Using Eccentric Training To Maximize Workouts
Many people do not focus on the tempo of each repetition. They lower the weight as fast as they pick the weight up and fail to understand that muscles must be stimulated under a specific time under tension to elicit muscle hypertrophy.
There are three types of muscle contractions in a movement
Eccentric contraction is lengthening of a muscle, also known as “breaking” or lowering the weight.
Isometric contraction is when the muscle develops tension while its length remains unchanged.
Concentric contraction is shortening of the muscle, also known as lifting the weight.
For example, in a squat, when you descend, you are producing force eccentrically, when you’re at the bottom, you hold (may) it isometrically, and you would ascend concentrically.
Between these three contractions, eccentric loading causes more muscle soreness and gain in muscle mass. During the concentric movement, there is more friction due to overlap in muscle fibres. In eccentric movement, your muscle fibres try to hang on to decelerate, resulting microtrauma in the muscle.
How to incorporate eccentric training
Studies suggest that protein synthesis is greatest after eccentric-enhanced lifting. For example, a simple way to build more muscle is to use a longer tempo for the eccentric motion (4 to 6 seconds) with an explosive or 1-second concentric motion. For example, in a squat, you would descend for 4 seconds, no pause at the bottom and ascend for 1 second for a 4010 tempo. Eccentric-enhanced phase (such as one with longer time under tension) will cause the most muscle damage.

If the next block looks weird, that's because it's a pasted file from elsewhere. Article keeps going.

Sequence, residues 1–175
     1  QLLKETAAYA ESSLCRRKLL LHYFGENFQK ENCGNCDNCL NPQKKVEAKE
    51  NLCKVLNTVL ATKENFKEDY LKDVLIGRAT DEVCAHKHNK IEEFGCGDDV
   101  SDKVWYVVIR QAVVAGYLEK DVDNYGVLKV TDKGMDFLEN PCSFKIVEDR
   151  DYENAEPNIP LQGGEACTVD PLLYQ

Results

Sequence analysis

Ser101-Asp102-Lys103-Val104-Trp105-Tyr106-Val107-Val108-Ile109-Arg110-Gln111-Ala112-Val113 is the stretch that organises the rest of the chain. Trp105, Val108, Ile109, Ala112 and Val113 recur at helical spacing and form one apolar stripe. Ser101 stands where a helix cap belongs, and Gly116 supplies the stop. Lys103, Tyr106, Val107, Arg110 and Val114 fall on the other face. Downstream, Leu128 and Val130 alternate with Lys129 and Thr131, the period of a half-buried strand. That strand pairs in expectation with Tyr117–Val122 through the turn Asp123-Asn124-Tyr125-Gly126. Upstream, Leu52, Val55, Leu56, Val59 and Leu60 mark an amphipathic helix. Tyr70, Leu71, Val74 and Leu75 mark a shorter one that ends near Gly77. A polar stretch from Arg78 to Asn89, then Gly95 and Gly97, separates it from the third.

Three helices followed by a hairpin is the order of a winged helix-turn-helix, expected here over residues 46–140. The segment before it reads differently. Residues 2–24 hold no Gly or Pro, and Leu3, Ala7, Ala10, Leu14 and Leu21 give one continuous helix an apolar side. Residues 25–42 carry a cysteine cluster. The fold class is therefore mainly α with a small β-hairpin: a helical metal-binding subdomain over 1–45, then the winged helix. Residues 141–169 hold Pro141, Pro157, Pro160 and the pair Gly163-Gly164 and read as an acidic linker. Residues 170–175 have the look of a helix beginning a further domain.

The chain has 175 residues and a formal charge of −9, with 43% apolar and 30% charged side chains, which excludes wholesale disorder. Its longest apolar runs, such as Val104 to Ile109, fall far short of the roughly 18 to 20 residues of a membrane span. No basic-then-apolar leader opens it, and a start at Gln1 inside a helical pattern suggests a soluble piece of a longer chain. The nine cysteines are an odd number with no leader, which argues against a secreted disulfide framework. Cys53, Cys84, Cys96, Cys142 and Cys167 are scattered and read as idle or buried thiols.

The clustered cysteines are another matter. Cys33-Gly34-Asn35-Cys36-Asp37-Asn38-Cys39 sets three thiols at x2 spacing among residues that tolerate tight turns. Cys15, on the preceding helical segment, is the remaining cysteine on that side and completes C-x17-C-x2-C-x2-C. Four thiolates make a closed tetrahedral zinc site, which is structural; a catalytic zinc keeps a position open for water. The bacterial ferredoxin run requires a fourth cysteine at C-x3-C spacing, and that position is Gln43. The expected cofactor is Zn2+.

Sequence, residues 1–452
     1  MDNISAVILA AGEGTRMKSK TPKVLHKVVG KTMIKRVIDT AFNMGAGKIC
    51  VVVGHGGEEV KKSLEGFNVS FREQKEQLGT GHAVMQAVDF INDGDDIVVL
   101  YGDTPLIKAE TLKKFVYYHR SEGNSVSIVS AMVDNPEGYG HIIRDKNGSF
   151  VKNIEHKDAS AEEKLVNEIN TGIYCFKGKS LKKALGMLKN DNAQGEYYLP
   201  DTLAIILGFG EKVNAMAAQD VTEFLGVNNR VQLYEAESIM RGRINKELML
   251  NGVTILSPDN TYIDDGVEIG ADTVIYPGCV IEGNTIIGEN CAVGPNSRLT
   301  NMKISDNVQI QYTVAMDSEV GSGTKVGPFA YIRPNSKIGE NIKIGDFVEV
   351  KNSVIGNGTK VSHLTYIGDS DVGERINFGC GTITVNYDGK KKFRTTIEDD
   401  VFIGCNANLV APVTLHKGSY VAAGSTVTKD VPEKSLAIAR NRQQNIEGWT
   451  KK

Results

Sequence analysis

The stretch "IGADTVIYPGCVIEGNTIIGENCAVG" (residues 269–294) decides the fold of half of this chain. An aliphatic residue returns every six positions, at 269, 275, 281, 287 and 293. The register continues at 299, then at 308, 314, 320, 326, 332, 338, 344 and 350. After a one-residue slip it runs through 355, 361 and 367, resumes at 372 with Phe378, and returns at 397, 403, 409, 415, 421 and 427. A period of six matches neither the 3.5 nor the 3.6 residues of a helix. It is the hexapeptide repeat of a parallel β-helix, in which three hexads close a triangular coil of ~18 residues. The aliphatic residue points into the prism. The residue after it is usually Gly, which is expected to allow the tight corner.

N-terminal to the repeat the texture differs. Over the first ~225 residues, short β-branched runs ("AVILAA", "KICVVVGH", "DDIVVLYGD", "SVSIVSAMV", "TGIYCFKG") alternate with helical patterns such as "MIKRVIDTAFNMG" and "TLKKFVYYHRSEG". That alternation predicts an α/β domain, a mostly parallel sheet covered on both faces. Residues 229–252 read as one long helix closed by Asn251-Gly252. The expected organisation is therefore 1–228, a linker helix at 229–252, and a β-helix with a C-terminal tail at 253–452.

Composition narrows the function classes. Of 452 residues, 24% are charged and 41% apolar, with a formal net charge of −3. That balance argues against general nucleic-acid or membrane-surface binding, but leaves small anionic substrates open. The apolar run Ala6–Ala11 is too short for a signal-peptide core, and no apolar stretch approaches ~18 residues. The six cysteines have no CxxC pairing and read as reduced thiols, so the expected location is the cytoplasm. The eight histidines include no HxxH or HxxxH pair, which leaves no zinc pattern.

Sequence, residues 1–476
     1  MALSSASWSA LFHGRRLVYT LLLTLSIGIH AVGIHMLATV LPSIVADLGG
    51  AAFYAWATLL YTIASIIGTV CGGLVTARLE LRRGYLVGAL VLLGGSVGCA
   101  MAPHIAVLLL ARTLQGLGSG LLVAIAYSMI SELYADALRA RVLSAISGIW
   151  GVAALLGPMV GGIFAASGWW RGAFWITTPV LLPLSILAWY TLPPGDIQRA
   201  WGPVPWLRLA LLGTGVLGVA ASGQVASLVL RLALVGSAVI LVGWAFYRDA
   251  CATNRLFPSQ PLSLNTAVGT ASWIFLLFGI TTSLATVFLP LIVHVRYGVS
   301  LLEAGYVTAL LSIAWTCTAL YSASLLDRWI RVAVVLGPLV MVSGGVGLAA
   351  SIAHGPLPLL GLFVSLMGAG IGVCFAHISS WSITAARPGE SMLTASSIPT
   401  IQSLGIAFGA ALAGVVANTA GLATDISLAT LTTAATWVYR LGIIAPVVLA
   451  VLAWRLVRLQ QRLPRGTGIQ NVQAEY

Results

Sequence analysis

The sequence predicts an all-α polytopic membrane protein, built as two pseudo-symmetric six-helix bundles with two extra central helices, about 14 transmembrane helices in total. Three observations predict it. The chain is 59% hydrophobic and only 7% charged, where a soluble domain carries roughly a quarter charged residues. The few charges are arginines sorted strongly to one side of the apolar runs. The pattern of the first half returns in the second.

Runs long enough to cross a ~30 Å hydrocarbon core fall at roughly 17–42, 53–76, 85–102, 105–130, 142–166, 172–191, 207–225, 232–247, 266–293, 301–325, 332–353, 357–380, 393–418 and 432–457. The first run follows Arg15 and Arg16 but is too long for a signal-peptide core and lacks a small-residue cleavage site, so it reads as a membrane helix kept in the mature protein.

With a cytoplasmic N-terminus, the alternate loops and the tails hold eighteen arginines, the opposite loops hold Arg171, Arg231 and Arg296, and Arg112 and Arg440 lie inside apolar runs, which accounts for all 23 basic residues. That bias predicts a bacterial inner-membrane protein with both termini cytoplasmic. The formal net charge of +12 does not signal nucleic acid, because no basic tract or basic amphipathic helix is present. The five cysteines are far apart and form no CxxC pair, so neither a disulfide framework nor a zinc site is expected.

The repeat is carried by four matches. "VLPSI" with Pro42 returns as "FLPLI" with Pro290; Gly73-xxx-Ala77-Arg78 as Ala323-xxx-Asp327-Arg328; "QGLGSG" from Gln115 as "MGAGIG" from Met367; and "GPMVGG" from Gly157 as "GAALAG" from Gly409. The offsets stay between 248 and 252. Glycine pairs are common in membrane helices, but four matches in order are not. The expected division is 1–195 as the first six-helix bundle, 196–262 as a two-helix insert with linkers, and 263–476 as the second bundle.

If you would like to gain muscle mass and strength, defy gravity. You should always lower the weight in a controlled fashion and follow a prescribed tempo (a specific number of seconds to lift and lower the weight).
If you don’t change anything in your weight training program besides the eccentric loading, you will see gains. Need help creating an effective training program? Get a free consultation here.